Bayles: Most people I was friends with are on the pro-American scale, but through them I met a lot of people whose attitude was “I can have dinner with you, but I don’t like your country”. There is a lot of anti-Americanism. No culture in history has had as big of an impact on as America has had on China. I think the Europeans, because of the history of colonialism, have more of a history of learning about other country out of self-interest, but Europeans who go abroad tend to know better what they’re doing, instead American tend to be trained less and know less. There is no substitute for living in another country and Americans don’t do it enough, and that’s a big problem of public dipolomacy. Not enough Americans can speak the language the country they go to, and we had USIA (United States Information Agency) and it existed from the 1950s to 1999, but it was terminated because the Cold War ended and America had won and it did not need to communicate with the rest of the world anymore. The people who worked for USIA, and people who staff those offices you can be sure they speak the languages, and they do a lot of outreach cultural programs and their people are well-trained. For America, because that particular agency was closed, now it’s up to the state department, and we don’t have enough people. Some of the best people to do this kind of work would be soldiers, because as they have worked in the places they have got to know them well, but they don’t tend to get recruited because they did not go to elite college.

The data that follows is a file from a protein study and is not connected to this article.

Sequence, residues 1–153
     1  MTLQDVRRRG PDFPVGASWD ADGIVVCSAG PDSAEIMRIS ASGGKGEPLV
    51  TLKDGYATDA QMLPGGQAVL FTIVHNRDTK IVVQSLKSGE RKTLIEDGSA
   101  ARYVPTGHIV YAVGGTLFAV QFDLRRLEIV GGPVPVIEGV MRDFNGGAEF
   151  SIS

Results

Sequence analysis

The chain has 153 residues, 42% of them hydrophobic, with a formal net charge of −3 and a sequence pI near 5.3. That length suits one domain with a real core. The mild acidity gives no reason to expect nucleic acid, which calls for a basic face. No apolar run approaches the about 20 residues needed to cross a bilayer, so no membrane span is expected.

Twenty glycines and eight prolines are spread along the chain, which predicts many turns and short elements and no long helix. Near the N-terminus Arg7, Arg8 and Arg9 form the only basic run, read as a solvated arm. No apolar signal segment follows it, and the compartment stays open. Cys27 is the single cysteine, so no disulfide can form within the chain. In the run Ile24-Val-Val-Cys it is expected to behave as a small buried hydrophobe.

To put it simply, America has some work to do when it comes to our overseas image. Bayles believes that this work can be done by talking about our culture, society, and politics more. For example, when protests began in Ferguson, Missouri the government should be out there talking to people about race, about history, and about how to handle the issues and move forward. We have to start presenting a fuller picture, a more complete narrative. Otherwise our image abroad will continue to fall and our cultural capital will be gone before we know it.